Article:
Business & Finance

'Large House' Renovations Are Underway

Credits: Curtis Leeds
The tree at the left in this photo will need protection if the original clay sewer line needs to be replaced. Credits: Curtis Leeds / TAPinto Flemington-Raritan file photo
Credits: Curtis Leeds
Work is underway to restore the building's original columns. Credits: Curtis Leeds
Work is underway to restore the building's original columns. Credits: Curtis Leeds
Credits: Curtis Leeds
Credits: Curtis Leeds
Credits: Curtis Leeds
Credits: Curtis Leeds
Credits: Curtis Leeds
Credits: Curtis Leeds
Credits: CFurtis Leeds
George Eckelman with floor stain samples. Credits: Curtis Leeds
An original check found in the Large house safe. Credits: Curtis Leeds
Credits: Curtis Leeds
George Eckelman (left) and Chris Phelan review the 1937 drawings of the house, made by the Historical American Buildings Survey, Credits: Curtis Leeds
The 1937 drawings reveal the building's elaborate crestline. Credits: Curtis Leeds
New pipe (left) was connected to the original clay sewer line. Credits: Curtis Leeds
Credits: Curtis Leeds

FLEMINGTON, NJ - Although it may not be readily apparent from the outside, contractors are hard at work restoring the landmark Large house, which the non-profit arm of the county Chamber of Commerce bought last year.

The Chamber plans to use the front part of the Main Street mansion for its headquarters and training programs. The group has established the Unity Bank Center for Business & Entrepreneurship, and its founders want it to become a place of training and support for the entire business community of Hunterdon. That will be housed in the back of the building.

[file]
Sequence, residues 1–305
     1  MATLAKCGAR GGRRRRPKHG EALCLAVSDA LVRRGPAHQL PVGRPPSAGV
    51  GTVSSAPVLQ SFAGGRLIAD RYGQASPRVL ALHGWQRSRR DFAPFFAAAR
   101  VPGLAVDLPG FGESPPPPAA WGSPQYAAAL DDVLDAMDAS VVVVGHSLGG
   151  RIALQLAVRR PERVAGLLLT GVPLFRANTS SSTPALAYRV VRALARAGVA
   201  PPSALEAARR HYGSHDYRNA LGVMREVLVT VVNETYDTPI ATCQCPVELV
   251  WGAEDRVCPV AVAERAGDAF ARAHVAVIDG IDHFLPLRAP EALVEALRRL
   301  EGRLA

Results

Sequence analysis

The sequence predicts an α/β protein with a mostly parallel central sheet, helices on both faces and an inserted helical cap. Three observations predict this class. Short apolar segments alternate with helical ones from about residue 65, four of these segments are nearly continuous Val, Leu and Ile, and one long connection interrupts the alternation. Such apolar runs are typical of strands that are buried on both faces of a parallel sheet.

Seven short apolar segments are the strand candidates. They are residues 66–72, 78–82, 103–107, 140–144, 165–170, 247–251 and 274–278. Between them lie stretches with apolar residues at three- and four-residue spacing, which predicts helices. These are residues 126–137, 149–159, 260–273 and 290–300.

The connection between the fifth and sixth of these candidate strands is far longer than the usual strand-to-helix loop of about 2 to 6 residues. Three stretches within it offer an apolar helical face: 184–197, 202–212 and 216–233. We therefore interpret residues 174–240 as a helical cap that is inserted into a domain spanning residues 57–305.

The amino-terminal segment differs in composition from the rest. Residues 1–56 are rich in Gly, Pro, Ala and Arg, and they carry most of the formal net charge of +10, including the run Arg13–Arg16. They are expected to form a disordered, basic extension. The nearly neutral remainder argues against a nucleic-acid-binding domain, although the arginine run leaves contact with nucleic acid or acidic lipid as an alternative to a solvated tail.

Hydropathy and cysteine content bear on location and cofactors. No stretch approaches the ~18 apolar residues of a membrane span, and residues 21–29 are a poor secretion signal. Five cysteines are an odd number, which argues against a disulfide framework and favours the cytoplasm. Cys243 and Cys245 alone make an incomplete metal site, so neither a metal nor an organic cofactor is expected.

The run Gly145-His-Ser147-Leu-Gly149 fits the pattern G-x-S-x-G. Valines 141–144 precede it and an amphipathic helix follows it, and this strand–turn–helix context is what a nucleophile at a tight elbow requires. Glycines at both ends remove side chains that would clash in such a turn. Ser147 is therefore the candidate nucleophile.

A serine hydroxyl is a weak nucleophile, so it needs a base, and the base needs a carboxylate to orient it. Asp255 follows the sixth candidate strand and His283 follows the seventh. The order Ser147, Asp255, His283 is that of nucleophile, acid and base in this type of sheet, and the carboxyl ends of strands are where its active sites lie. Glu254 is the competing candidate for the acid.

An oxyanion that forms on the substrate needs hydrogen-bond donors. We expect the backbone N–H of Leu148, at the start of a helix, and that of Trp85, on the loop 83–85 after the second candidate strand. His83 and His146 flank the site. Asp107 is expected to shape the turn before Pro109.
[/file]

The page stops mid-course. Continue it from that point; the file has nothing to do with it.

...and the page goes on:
It will also be the headquarters of Flemington Community Partnership, the management group that runs the borough’s business improvement district.

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Mahlon Fisher built the house in 1847 for John Reading. It was chosen for inclusion in the Historic American Building Survey in 1937. According to documents on file with the Library of Congress, the two-story rear wing was added around 1900. In 1854, a masonry vault was built in the basement, and it served as the first office of what was then the Hunterdon bank.

The building is named for George Large, who bought the house in 1900. Large was named a special prosecutor in the trail of Bruno Richard Hauptmann in the kidnapping and death of the 20-month-year-old son of Charles and Anne Lindbergh. Large later served as president of the state Senate and also served as acting governor.

There was a lot of work to do on the building before renovations could even begin. For example, Chamber president Chris Phelan said workers removed about five tons of paper from the structure that had belonged to Hunterdon County National Bank. Care has been taken so that nothing of historical value was discarded.

The work will be completed in two phases, Phelan said. Interior work will allow the Chamber to move in by June, Phelan hopes. Exterior renovations will comprise the second phase, which Phelan hopes will be finished by the spring of 2018. Once complete, the building will be ADA compliant; that will require the installation of an elevator as well as other modifications to the building.

The exterior work will be complicated, in part because the building actually has five different roof lines. The building has extensive rooftop ornamentation, and students from Hunterdon Polytech are expected to help with the exterior work.

Phelan said the cost of the renovations is expected to be about $1.5 million. A public fundraising campaign will be held to help recoup that cost, Phelan said. The group has already raised about $600,000 for that work.

George Eckelman of Eckelman Brothers Construction has been amazed by some of the details he found while working on the project. Much of the wood is in much better condition than many might expect.

“It’s old growth lumber,” Eckelman said. “It’s better than anything we can get now.” That’s why he’s using the existing material whenever possible. When that can’t be done, wood is fabricated to match the original parts.

Improvements have already been made to the building’s sewer connections, which terminate in the original clay sewer pipe. Phelan said it’s likely the clay section may have to be replaced, an undertaking that may require some delicate work if the large tree in front of the house is to be protected.

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